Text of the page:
"Depression in the United States Household Population, 2005-2006"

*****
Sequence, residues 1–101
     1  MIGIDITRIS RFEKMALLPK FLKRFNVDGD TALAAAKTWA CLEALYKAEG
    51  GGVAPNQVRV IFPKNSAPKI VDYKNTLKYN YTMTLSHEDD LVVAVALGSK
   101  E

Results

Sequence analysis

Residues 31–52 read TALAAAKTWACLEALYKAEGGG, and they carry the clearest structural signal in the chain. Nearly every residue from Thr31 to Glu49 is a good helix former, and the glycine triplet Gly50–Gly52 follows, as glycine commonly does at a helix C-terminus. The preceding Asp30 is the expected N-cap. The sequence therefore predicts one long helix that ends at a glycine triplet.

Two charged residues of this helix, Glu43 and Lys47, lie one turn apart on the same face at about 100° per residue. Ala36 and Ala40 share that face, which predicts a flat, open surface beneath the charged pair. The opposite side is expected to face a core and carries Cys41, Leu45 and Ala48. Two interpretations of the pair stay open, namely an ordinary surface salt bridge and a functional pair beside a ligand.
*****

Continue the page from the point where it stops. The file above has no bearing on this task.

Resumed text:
NCHS Data Brief ¡ No. 7 ¡ September 2008 Depression in the United States Household Population, 2005–2006 Laura A. Pratt, Ph.D., and Debra J. Brody, M.P.H. Depression is a common and debilitating illness. It is treatable, but the Key findings majority of persons with depression do not receive even minimally adequate Data from the National treatment (1). Depression is characterized by changes in mood, self-attitude, Health and Nutrition cognitive functioning, sleep, appetite, and energy level (2). The World Health Examination Survey, Organization found that major depression was the leading cause of disability 2005–2006 worldwide (3). Depression causes suffering, decreases quality of life, and causes impairment in social and occupational functioning (4). It is associated • In any 2-week period, 5.4% with increased health care costs as well as with higher rates of many chronic of Americans 12 years of age medical conditions (5). Studies have shown that a high number of depressive and older experienced depres- symptoms are associated with poor health and impaired functioning, whether sion. Rates were higher in or not the criteria for a diagnosis of major depression are met (6,7). 40–59 year olds, women, and non-Hispanic black persons Keywords: depression • mental health • functional impairment • National than in other demographic Health and Nutrition Examination Survey groups. • Rates of depression were More than 1 in 20 Americans 12 years of age and older had higher among poor persons current depression. than among those with higher Figure 1. Percentage of persons 12 years of age and older with depression by incomes. demographic characteristics: United States, 2005–2006 • Approximately 80% of per- sons with depression reported Total 5.4 some level of functional Age impairment because of their 12–17 4.3 18–39 4.7 depression, and 27% reported 40–59 1 7.3 serious difficulties in work 60 and older 4.0 and home life. Sex Female 6.7 2 • Only 29% of all persons Male 4.0 with depression reported Race and Hispanic origin contacting a mental health Mexican American 6.3 professional in the past year, Non-Hispanic black 3 8.0 and among the subset with Non-Hispanic white 4.8 severe depression, only 39% 0.0 2.0 4.0 6.0 8.0 10.0 reported contact. Percent 1 Significantly different from all other age groups. 2 Significantly different from men. 3 Significantly different from non-Hispanic white persons. SOURCE: CDC/NCHS, National Health and Nutrition Examination Survey. U.S. DEPARTMENT OF HEALTH AND HUMAN SERVICES Centers for Disease Control and Prevention National Center for Health Statistics NCHS Data Brief ¡ No. 7 ¡ September 2008 Persons 40–59 years of age had higher rates of depression than any other age group. Persons 12–17, 18–39, and 60 years of age and older had similar rates of depression. Depression was more common in females than in males. Non-Hispanic black persons had higher rates of depression than non-Hispanic white persons. More than one out of seven poor Americans had depression. In the 18–39 and 40–59 age groups, those with income below the federal poverty level had higher rates of depression than those with higher income. Among persons 12–17 and 60 years of age and older, rates of depression did not vary signifi- cantly by poverty status. Figure 2. Percentage of persons with depression by age and poverty status: United States, 2005–2006 Below poverty level At or above poverty level 25 22.4 1, 2 20 15 13.1 1 Percent 1 11.5 10 *7.4 6.4 5.9 4.4 4.0 3.8 5 3.5 0 Total 12–17 18–39 40–59 60 and older Age *Estimate is unreliable. 1 Significantly different from at or above poverty level. 2 Significantly different from other age groups. SOURCE: CDC/NCHS, National Health and Nutrition Examination Survey. Depression was associated with functional impairment in many areas of life. Overall, approximately 80% of persons with depression reported some level of difficulty in func- tioning because of their depressive symptoms. In addition, 35% of males and 22% of females with depression reported that their depressive symptoms made it very or extremely difficult for them to work, get things done at home, or get along with other people. More than one-half of all persons with mild depressive symptoms also reported some difficulty in daily functioning attributable to their symptoms. ■ 2 ■ NCHS Data Brief ¡ No. 7 ¡ September 2008 Figure 3. Percentage of persons 12 years of age and older reporting difficulty with their work, home, and social activities by sex and depression severity: United States, 2005–2006 100 90 84.4 1 79.7 1 1 77.3 80 70 60 55.1 55.6 54.6 Percent 50 Some difficulty 40 30 20 34.6 Serious 10 26.7 22.4 difficulty 5.6 5.6 5.5 0 Mild Moderate/ Mild Moderate/ Mild Moderate/ severe severe severe Total Male Female Depression severity 1 Significantly different from mild depressive symptoms. NOTE: Moderate/severe indicate depression, while mild indicates mild depressive symptoms. SOURCE: CDC/NCHS, National Health and Nutrition Examination Survey. The percentage of persons who had contact with a mental health professional increased as depression severity increased. Among all people with depression—those with moderate or severe symptoms—29% reported contact with a mental health professional. Among those with severe depression, only 39% reported contact with a mental health professional. Figure 4. Percentage of persons 12 years of age and older contacting a mental health professional in the past 12 months by depression severity: United States, 2005–2006 Depression severity None 5.8 Mild 15.6 Moderate 24.3 Severe 1 39.0 0.0 10.0 20.0 30.0 40.0 50.0 Percent 1 Statistically significant trend. NOTE: Moderate/severe indicate depression, while mild indicates mild depressive symptoms. SOURCE: CDC/NCHS, National Health and Nutrition Examination Survey. ■ 3 ■ NCHS Data Brief ¡ No. 7 ¡ September 2008 Summary Depression is an episodic condition. People have an episode of depression, get well, and may or may not have another episode later in their life. In 2005–2006, in any 2-week period, 5.4% of Americans 12 years of age and older had depression. Females, people 40–59 years of age, non-Hispanic black persons, and people living below the poverty level had higher rates of depres- sion than their respective counterparts. Depression is a condition that causes impairment in many areas of functioning—including school, work, family, and social life. Approximately 80% of people with depression reported that their symptoms interfered with their ability to work, main- tain a home, and be socially active. Reflecting this high rate of functional impairment, almost two-thirds of the estimated $83 billion that depression cost the United States in the year 2000 resulted from lowered productivity and workplace absenteeism (8). Depression is a treatable condition. Successful depression treatment enables people to return to the level of functioning they had before becoming depressed. Despite the availability of treat- ment for depression, only 39% of people with severe depression reported contacting a mental health professional in the past year. There are many reasons people with depression do not receive treatment. Some do not realize they have an illness that can be treated. Others do not believe treatment works. Other barriers to treatment include the stigma surrounding mental illness and mental health treatment and lack of insurance coverage for mental health care. (9). Depression is a major public health problem, and increasing the number of Americans with depression who receive treatment is an important public health goal and a national objective of Healthy People 2010 (10). Further discussion of ways to reach this goal can be found in Mental Health: A Report of the Surgeon General, Chapter 8, “A Vision for the Future” (9). Definitions Major depression is a clinical syndrome of at least five symptoms that cluster together, last for at least 2 weeks, and cause impairment in functioning. Mood symptoms include depressed, sad or irritable mood, loss of interest in usual activities, inability to experience pleasure, feelings of guilt or worthlessness, and thoughts of death or suicide. Cognitive symptoms include inability to concentrate and difficulty making decisions. Physical symptoms include fatigue, lack of energy, feeling either restless or slowed down, and changes in sleep, appetite, and activity levels (2). Depression was measured in the National Health and Nutrition Examination Surveys (NHANES) using the Patient Health Questionnaire (PHQ–9), a nine-item screening instrument that asks questions about the frequency of symptoms of depression over the past 2 weeks (11). Response categories “not at all,” “several days,” “more than half the days” and “nearly every day” were given a score ranging from 0 to 3. A total score was calculated ranging from 0 to 27. Depres- sion was defined as a PHQ–9 score of 10 or higher, a cut point that has been well validated and is commonly used in clinical studies that measure depression (11). ■ 4 ■ NCHS Data Brief ¡ No. 7 ¡ September 2008 It is possible that severely depressed persons disproportionately chose not to participate in the survey or health examination, which included administration of the PHQ–9; therefore, the preva- lence estimates in this report may slightly underestimate the actual prevalence of depression. In addition, people who were being successfully treated for depression would not be identified as depressed by the PHQ–9. Depression severity was defined by various cut points from the total score from the PHQ–9 screening instrument (11). Scores on the PHQ–9 can be classified as follows: 0–4 No, minimal 5–9 Mild 10–14 Moderate 15–19 Moderately severe 20–27 Severe In this report, scores of 15 or higher were termed severe depression. Functional impairment was defined by the question: “How difficult have these problems made it for you to do your work, take care of things at home, or get along with other people?” Only persons who had a score of 1 or more on the PHQ–9 symptom questions were asked the impair- ment question. Responses were scored from 0 (not at all difficult) to 3 (extremely difficult). A score of 1 or more was defined as any functional impairment. A score of 2 or 3 suggests moderate to severe functional impairment. Contact with a mental health professional was defined by the question: “During the past 12 months, have you seen or talked to a mental health professional such as a psychologist, psychia- trist, psychiatric nurse, or clinical social worker about your health?” The data do not indicate whether persons who contacted a mental health professional actually began treatment for depression. The question also does not ask about mental health treatment received from primary care providers. Poverty status was defined using the poverty income ratio (PIR), an index calculated by dividing the family income by a poverty threshold based on the size of the family. (U.S. Census: http:// www.census.gov/hhes/www/poverty/povdef.html#1). A PIR of less than 1 was used as the cut point for below the poverty level. Data sources and methods NHANES is a continuous cross-sectional survey of the civilian, noninstitutionalized U.S. popu- lation designed to assess the health and nutrition of Americans. Persons living in institutions, where rates of depression are higher than in the community-dwelling population, are not included in NHANES. Survey participants are asked to complete a household interview and an examina- ■ 5 ■ NCHS Data Brief ¡ No. 7 ¡ September 2008 tion in a mobile examination center (MEC) that included a private interview. The annual inter- view and examined sample includes approximately 5,000 persons of all ages. In 2005–2006, black and Mexican-American persons, adults 60 years and older, and low income persons were oversampled to improve the statistical reliability of the estimates for these groups. This report was based on the analysis of household and MEC interview data. The question about contact with a mental health professional was asked in the household interview and the PHQ–9 depression questions were asked in the MEC. For 12–15 year olds, a proxy respondent, usually one of the child’s parents, answered the questions in the household interview; however, during the private interview in the MEC, youths answered questions for themselves. The questions related to depression were administered in English and Spanish. The NHANES sample examination weights, which account for the differential probabilities of selection, nonresponse, and noncoverage, were used for all analyses. Standard errors of the per- centages were estimated using Taylor series linearization, a method that incorporates the sample design and sample weights. Differences between subgroups were evaluated using the univariate t-statistic. A test for trend was done to evaluate estimates of contact with a mental health professional by depression sever- ity. All significance tests were two-sided using p<0.05 as the level of significance. All compari- sons reported in the text are statistically significant unless otherwise indicated. Data analyses were performed using SAS version 9.1 (SAS Institute, Cary N.C.) and SUDAAN version 9.0 (RTI, Research Triangle Park, N.C.). About the authors Laura Pratt is with the Centers for Disease Control and Prevention’s National Center for Health Statistics, Office of Analysis and Epidemiology. Debra Brody is with the Centers for Disease Control and Prevention’s National Center for Health Statistics, Division of Health and Nutrition Examination Surveys. 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Kroenke K, Spitzer RL, Williams JBW. The PHQ–9: validity of a brief depression severity measure. J Gen Int Med 16:606–13. 2001. ■ 7 ■ NCHS Data Brief ¡ No. 7 ¡ September 2008 U.S. DEPARTMENT OF HEALTH & HUMAN SERVICES FIRST CLASS MAIL POSTAGE & FEES PAID CDC/NCHS Centers for Disease Control and Prevention PERMIT NO. G-284 National Center for Health Statistics 3311 Toledo Road Hyattsville, MD 20782 OFFICIAL BUSINESS PENALTY FOR PRIVATE USE, $300 ISSN 1941-4927 (Print ed.) ISSN 1941-4935 (Online ed.) CS121167 T32130 (09/2008) DHHS Publication No. (PHS) 2008–1209